When the lights go out, so does critical IV infusion equipment.
Prepping for Power Failure
In 2012, Tropical Storm Sandy created a widespread outage covering Lower Manhattan and leaving over 250,000 people without power. During the outrage, two high volume Manhattan hospitals, NYU Langonw Medical Center and Bellevue Hospital, experienced back-up generator failures that forced the evacuation of nearly 1,000 patients. Nearly five years later, Houston’s Ben Taub Hospital and Florida Hospital at Connerton in Pasco County, FL experienced similar generator failures after hurricanes Harvey and Irma.
Back-up generators are a key component of power loss prevention in many Emergency Operations Plans set by FEMA and other regulators. However, as the incidents described above demonstrate, managing and regulating generators to ensure reliability for emergencies remains a persistent challenge.
– In 2011, the Joint Commission’s Environment of Care standard associated with emergency power systems was found to be among the top ten standards cited for noncompliance during critical access hospital surveys.
– A 2014 Consumer Reports examination of emergency backup generators found that many backup generators are 50 or more years old and housed in basements without flood protection.
It’s time to think beyond generators and become imaginative and detail-oriented in our disaster preparedness approaches. In addressing the problems with generators, adding more regulations isn’t the only approach. An alternative is to adapt current practices that reduce reliance on generators so power failure does not leave patients, clinicians, and facilities vulnerable to disaster.
Not just filling gaps: Creating new solutions
Sometimes new solutions for challenges faced during disasters borrow from tried and true healthcare practices. Intravenous (IV) infusion therapy is one of the most common healthcare practices in any setting, and it is used to deliver everything from fluids and antibiotics to chemotherapy. In many U.S care settings, powered infusion pumps are used to control the doses of medications administered to patients. While many of these pumps have battery backups for power outrages, the backup systems typically only last a handful of hours, leaving clinicians without a tool to safely administer IV medications during prolonged power outages.
When power is limited or unavailable, clinicians can use gravity-fed infusion techniques to provide medications. Gravity infusions are more commonly used in home care settings or non-US hospital settings without readily available pumps. When unmonitored, gravity infusions are vulnerable to error and unintended flow rate changes from factors such as patient venous pressure. Setting an accurate dose using a gravity infusion also requires complicated calculations and frequent hand-counting of rates – practices that 50 years ago were taught as essential to safe and accurate infusion but are often no longer included in contemporary nursing programs. A study conducted in 2008 found of 50 subjects receiving gravity infusion only 1 in 5 was receiving an infusion that was withing 20% of the charted rate, a staggering statistic demonstrating the risk unmonitored gravity infusions pose to patient safety.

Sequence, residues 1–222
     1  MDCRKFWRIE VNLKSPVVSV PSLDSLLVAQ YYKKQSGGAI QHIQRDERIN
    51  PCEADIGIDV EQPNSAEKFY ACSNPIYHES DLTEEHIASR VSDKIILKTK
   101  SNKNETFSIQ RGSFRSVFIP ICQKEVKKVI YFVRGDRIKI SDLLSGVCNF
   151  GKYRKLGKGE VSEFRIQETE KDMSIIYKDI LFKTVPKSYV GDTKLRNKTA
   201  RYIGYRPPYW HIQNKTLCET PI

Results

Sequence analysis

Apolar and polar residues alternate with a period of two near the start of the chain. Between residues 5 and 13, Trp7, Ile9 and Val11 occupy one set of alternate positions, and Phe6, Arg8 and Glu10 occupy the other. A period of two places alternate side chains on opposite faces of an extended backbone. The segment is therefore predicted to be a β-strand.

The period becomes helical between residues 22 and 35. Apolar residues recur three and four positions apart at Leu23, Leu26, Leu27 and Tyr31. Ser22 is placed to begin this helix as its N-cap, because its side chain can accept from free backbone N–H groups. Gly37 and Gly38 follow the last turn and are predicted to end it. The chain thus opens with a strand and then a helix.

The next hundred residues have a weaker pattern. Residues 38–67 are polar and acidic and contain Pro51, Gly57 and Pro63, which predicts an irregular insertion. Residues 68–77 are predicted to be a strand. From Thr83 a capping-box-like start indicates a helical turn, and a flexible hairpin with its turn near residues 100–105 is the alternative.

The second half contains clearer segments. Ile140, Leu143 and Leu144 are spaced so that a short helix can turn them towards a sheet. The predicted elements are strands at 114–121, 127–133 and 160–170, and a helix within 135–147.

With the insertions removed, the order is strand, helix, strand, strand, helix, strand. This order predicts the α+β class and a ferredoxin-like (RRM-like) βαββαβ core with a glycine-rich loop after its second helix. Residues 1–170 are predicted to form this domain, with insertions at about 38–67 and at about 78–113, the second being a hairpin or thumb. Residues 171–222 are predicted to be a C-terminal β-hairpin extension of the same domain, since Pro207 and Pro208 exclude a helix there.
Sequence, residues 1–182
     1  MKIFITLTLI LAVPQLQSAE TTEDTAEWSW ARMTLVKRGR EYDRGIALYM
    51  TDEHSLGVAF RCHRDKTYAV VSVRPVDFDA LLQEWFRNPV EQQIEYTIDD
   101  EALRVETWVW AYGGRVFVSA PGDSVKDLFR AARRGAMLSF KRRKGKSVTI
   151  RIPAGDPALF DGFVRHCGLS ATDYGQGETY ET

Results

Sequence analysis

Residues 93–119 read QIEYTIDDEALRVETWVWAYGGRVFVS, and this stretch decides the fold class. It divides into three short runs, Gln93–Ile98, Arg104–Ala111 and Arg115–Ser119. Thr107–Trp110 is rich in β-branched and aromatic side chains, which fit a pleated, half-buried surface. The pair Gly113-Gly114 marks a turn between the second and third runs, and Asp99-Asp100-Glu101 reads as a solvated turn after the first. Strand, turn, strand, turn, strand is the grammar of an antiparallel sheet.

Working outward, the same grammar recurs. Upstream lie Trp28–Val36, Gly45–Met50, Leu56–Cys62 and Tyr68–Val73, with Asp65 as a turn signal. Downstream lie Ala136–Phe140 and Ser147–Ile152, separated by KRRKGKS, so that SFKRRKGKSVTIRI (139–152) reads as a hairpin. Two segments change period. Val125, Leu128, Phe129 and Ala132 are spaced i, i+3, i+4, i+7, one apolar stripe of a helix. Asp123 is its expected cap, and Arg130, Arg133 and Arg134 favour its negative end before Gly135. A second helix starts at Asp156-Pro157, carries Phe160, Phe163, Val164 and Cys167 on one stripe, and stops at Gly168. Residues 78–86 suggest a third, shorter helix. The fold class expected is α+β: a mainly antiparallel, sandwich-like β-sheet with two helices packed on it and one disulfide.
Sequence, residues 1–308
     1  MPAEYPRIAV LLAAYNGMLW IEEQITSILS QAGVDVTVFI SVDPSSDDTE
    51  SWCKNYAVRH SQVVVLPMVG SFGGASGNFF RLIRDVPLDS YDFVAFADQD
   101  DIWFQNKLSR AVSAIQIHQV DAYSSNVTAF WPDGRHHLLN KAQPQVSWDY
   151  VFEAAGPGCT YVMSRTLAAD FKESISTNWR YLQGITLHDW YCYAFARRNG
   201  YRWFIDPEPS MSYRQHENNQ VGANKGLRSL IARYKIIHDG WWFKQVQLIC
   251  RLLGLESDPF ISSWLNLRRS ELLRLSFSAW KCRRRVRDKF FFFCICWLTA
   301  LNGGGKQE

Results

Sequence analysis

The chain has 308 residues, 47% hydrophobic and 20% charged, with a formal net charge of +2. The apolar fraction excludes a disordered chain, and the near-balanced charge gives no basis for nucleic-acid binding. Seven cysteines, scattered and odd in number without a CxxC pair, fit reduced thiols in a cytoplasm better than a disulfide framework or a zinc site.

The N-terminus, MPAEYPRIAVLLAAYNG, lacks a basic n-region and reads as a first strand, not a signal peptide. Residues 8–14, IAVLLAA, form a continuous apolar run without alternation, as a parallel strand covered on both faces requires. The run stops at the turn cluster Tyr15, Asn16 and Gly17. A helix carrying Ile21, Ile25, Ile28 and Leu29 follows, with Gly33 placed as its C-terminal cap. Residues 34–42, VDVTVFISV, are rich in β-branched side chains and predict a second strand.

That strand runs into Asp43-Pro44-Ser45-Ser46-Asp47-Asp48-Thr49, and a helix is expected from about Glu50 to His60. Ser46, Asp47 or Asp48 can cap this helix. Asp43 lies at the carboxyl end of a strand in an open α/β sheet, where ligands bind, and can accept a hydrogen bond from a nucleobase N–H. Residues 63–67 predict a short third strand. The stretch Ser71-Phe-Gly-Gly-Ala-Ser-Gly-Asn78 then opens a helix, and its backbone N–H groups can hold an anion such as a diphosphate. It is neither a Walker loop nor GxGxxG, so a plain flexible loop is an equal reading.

Flow regulators, such as Dial-A-Flo, are a tool sometimes used to help improve accuracy when gravity infusion is used. They allow the clinician to set a rate between a range of 20 to 250 ml/hr. However, their accuracy rates fluctuate between -10% to +20% (according to manufacturer’s label), requiring constant monitoring.
Monitored gravity infusions are an approach that can bridge the gap of accuracy and electricity reliance. This can be achieved with tools like the DripAssist Infusion Rate Monitor, a new type of battery-operated tool that attaches to any standard IV drip set to eliminate dosage guesswork and ensure continuous monitoring. The device uses an infrared sensor to precisely detect and count drops in real time with 99% accuracy.
DripAssist is a lightweight and portable tool powered by a single AA battery that allows for 360 hours of continual use. It provides an accurate measure of infusion flow rate and total volume, replacing the need for manual calculations. Additionally, an optional alarm function alerts a clinician if flow rate changes from the set rate. DripAssist is currently used in U.S. clinics, pre-hospital settings, as well as in resource-constrained global settings that face challenges with training, electricity, supply chains, or infrastructure. If flooding causes a hospital to go without power, or field hospitals are set up after a devastating earthquake, DripAssist can be depended on to reliably ensure accuracy for any IV procedure.
While infusion is just one procedure of the countless done every day at a hospital, examining how to increase the preparedness of each procedure is an important part of detail oriented planning. The scope of disasters cannot always be predicted and even when proper protocol is followed generators can fail. Preparedness goes beyond backup generators; it is having tools in place to respond to a crisis when all systems fail. Innovative tools such as DripAssist are the ‘imaginative’ approach to planning that creates resilient hospitals and can save lives.
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